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An Overview of Menlo’s Accreditation Results

Diagram+of+the+WASC+Accreditation+Cycle.+Photo%3A++Western+Association+of+Schools+and+Colleges.
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An Overview of Menlo’s Accreditation Results

Diagram of the WASC Accreditation Cycle. Photo:  Western Association of Schools and Colleges.

Diagram of the WASC Accreditation Cycle. Photo: Western Association of Schools and Colleges.

Diagram of the WASC Accreditation Cycle. Photo: Western Association of Schools and Colleges.

Diagram of the WASC Accreditation Cycle. Photo: Western Association of Schools and Colleges.

Crystal Bai, Copy Editor

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As the culmination of its accreditation process, Menlo was recently given four major recommendations for the school’s future improvement, along with many notable strengths.

The accreditation process is an ongoing cycle that every school must go through. It is indicative of an institution’s achievements and areas for growth. Menlo’s accreditation process is monitored by the California Association for Independent Schools/Western Association of Schools and Colleges (WASC).

According to the WASC website, an accreditation allows a school to “demonstrate the capacity, commitment and competence to support high-quality student learning and ongoing student improvement.”

Schools can receive accreditation terms lasting one (“immediate change & action required”), two (“urgent attention & action required”) or seven years. In the final year of the accreditation cycle, schools must submit a self-study. The self-study is a self-evaluative report that a WASC team of California independent school educators reads before visiting campus to look closely at the school’s programs and operations. Finally, the team presents a schoolwide action plan that the school interprets and follows until the next accreditation term.

In the fall of 2017, every member of Menlo’s Middle and Upper School faculty began working together to compile the self-study. Upper School history teacher Katharine Hanson was the self-study coordinator, and Upper School History Department Chair Ryan Dean was the deputy director. Along with Head of School Than Healy, the two spearheaded the self-study.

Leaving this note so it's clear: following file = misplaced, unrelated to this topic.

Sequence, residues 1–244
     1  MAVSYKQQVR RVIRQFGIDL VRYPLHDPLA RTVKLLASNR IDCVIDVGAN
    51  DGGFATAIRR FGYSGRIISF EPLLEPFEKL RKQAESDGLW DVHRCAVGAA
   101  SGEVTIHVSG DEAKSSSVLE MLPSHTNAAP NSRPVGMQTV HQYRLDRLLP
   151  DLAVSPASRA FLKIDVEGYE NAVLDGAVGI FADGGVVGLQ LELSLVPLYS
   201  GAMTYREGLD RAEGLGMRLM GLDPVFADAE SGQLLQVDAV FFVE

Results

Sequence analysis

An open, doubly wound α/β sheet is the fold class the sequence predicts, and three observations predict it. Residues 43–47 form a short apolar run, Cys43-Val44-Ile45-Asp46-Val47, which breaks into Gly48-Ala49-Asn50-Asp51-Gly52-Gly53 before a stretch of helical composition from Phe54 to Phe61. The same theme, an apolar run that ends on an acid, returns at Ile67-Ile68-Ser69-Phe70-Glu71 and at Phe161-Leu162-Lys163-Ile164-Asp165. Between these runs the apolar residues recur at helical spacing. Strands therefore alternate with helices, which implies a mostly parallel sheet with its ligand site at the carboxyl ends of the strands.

“[I was] responsible for working with faculty, staff, administration, parents and students to address about 100 questions set by [WASC], [putting] together the written self-study report, [filing] it on time, [coordinating] meetings with the visiting team when they arrive[d] and [helping to] ensure a good and transparent process,” Hanson said.

“I served on the eight-member Steering Committee that oversaw the strategic planning process for the school’s self-study and co-coordinated the self-study report research and writing process,” Dean said. “I was one of three individuals—Mr. Healy and Ms. Hanson being the others—who read the entire report.” Dean wrote and edited about a quarter of the self-study.

Ten committees worked on the self-study, each focusing and reflecting on a different aspect of Menlo. Committee examples include: “Mission, Climate and Community,” “Student Learning” and “Faculty, Pedagogy and Teacher Effectiveness.”

The self-study was completed in November 2018, about a year after the first planning meetings occurred.

On Wednesday, Feb. 13, a visiting team from WASC gave an oral summary of their findings to the Middle and Upper School faculty. Ultimately, the WASC team provided Menlo with four major recommendations for future growth. Three fell under the “Teaching and Learning” section, while the last was in the “Institutional Stewardship and Leadership” section.  

The recommendations may still be modified before the final report is sent to Menlo. In draft form, they are: that the school revisit and clarify its definition of diversity while identifying benchmarks and best practices that promote a sense of belonging for all students; that the faculty and the administration continue to explore best practices for assessment to mitigate against the students’ transactional mindset regarding grades and expansive transformational learning; that the school strengthen individual alignment in support of an integrated student experience encompassing curriculum, assessment, philosophy, equity practices and social-emotional learning goals; and that the school leadership continue to be mindful of the impact of change, tending to culture and leading with joy, optimism and care.

Menlo will definitively find out its accreditation term in the summer. Three years from now, Healy will write an interim report to update WASC on the work Menlo has done to respond to the four major accreditation recommendations.

“Menlo has undergone substantial change over the last five years, and our self-study provided an opportunity to take stock of how these changes took place, their present status and the next steps Menlo should take in order to continue to evolve as an institution,” Dean said. “From a regulatory standpoint, an accreditation means Menlo gets to continue to enjoy the respect of the community it serves, that [students’] diplomas will continue to hold their value, that more families will continue to see Menlo as an excellent choice for years to come and that the hard work of faculty and staff has been recognized by fellow educators.”

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